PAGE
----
Red Mass held Oct. 24

By Jeff Kurowski | The Compass | October 30, 2013

At annual event, George Weigel addresses religious freedom, revitalization of civil society

GREEN BAY — George Weigel, Catholic theologian, author and distinguished senior fellow of the Ethics and Public Policy Center in Washington, D.C., addressed religious freedom and the revitalization of civil society at the Red Mass dinner, Oct. 24 at the Riverside Ballroom. The evening, sponsored by the St. Thomas More Society of the Diocese of Green Bay, opened with Mass at St. Francis Xavier Cathedral with Bishop David Ricken as the celebrant and homilist. The Red Mass is offered to invoke the guidance and strength of the Holy Spirit to judges, attorneys and all those responsible for the administration of justice.

Author and theologian George Weigel talks to Fr. John Girotti, pastor of St. Francis Xavier Cathedral and St. John the Evangelist Parish in Green Bay, during a book-signing event Oct. 24 at Cathedral Bookstore. The bookstore appearance took place prior to the Red Mass at the cathedral. (Sam Lucero | The Compass)
Author and theologian George Weigel talks to Fr. John Girotti, pastor of St. Francis Xavier Cathedral and St. John the Evangelist Parish in Green Bay, during a book-signing event Oct. 24 at Cathedral Bookstore. The bookstore appearance took place prior to the Red Mass at the cathedral. (Sam Lucero | The Compass)

Weigel, a Baltimore native, opened by reviewing the history of moral nobility and Catholic sensibility in contrast to today’s freedoms. He shared excerpts from the writings of Jesuit theorist Fr. John Courtney Murray, Scottish philosopher Alasdair MacIntyre and French historian and professor of philosophy Rémi Brague.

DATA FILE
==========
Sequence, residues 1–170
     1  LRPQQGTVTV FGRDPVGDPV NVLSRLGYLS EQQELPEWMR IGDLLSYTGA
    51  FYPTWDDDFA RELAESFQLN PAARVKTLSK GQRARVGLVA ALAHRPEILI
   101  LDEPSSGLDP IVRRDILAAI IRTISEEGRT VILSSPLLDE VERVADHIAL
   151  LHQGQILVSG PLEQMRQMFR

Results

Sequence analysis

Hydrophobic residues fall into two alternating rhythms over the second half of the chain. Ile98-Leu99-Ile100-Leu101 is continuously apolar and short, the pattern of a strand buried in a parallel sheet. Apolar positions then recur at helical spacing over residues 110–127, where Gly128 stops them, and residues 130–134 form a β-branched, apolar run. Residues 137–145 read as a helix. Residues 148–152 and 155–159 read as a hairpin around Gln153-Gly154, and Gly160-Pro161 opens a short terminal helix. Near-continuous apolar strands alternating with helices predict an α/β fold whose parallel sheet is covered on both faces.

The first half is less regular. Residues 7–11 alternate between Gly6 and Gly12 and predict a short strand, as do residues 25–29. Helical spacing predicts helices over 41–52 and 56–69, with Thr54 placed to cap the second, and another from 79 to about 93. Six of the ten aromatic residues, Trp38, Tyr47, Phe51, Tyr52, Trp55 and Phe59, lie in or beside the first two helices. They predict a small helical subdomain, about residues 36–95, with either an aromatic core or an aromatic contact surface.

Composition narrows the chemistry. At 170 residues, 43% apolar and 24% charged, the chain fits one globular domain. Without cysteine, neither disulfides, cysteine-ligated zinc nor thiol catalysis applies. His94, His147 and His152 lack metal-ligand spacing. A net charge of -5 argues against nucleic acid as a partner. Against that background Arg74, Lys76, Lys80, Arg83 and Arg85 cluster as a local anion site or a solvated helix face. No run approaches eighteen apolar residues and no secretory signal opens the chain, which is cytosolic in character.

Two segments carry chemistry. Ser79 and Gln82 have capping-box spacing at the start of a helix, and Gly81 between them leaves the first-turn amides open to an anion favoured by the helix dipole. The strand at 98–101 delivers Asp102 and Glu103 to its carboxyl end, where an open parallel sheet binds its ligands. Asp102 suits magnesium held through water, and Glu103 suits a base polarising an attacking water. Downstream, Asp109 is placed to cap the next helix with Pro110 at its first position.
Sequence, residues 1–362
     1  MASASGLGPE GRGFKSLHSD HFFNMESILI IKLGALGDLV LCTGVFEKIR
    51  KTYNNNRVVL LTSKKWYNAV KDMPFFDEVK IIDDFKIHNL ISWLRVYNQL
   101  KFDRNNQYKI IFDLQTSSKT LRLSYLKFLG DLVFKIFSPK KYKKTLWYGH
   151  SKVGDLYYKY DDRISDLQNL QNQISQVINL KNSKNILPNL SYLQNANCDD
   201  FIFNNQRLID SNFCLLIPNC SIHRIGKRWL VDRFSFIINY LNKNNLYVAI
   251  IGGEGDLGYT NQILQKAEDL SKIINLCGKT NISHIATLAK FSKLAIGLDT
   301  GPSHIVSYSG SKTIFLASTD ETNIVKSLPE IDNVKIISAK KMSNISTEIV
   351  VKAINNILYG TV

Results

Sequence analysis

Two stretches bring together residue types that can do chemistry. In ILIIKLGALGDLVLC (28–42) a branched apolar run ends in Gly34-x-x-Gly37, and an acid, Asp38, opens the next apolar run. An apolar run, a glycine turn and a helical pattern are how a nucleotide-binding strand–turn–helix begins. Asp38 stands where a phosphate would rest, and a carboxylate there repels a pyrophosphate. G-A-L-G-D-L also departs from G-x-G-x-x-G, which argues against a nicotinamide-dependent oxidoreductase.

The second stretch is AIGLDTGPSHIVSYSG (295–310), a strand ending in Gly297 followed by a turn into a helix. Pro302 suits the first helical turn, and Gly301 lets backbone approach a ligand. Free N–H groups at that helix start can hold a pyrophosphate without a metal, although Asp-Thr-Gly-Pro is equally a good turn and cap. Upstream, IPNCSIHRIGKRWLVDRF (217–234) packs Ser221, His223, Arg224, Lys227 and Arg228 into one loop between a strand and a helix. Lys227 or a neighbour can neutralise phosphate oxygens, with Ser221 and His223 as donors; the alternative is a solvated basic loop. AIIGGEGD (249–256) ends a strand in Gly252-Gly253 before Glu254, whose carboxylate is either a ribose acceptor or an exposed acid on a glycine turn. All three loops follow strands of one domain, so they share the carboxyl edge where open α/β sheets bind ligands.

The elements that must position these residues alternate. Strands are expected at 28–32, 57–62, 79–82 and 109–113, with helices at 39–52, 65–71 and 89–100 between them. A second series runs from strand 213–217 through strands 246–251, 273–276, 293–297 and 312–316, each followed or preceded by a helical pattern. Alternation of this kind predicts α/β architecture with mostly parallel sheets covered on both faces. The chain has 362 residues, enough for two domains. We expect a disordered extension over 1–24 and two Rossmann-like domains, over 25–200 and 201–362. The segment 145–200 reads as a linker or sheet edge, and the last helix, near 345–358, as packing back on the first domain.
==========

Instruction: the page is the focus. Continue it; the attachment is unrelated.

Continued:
Writings from Fr. Murray’s 1960 book “We Hold These Truths: Catholic Reflections on the American Proposition” were used by Weigel to illustrate a time when Catholics were able to join the ethical and political conversations “full and free, unreserved and unembarrassed.”

MacIntyre wrote about the destruction of natural science for an element of choice. Brague, described by Weigel as one of the “25 most intelligent and insightful Catholics in the world,” labeled the 21st Century as “the century of being and nothings.”

“If nothing is given in the human condition, then everything is up for grabs,” said Weigel. “Politics is merely the will of the times.”

Weigel explained that it feels uncomfortable and unfamiliar for many to be serious Catholics today because public culture often denies fundamental truths.

“Americans once understood that God had prescribed moral truths into the world and into us, moral truths written into the scripts of nature,” he said.

“Today, particularly at the national level, we are increasingly governed by unelected judges and other regulators who seem derived from the great philosopher Frank Sinatra, ‘I did it my way,’” said Weigel. “Americans once understood that the state existed to serve society not the other way around. Today we are governed by a federal administration that seems determined to shrink the size of civil society and vastly enlarge the strength of state power as it has with the HHS mandate on contraceptives.”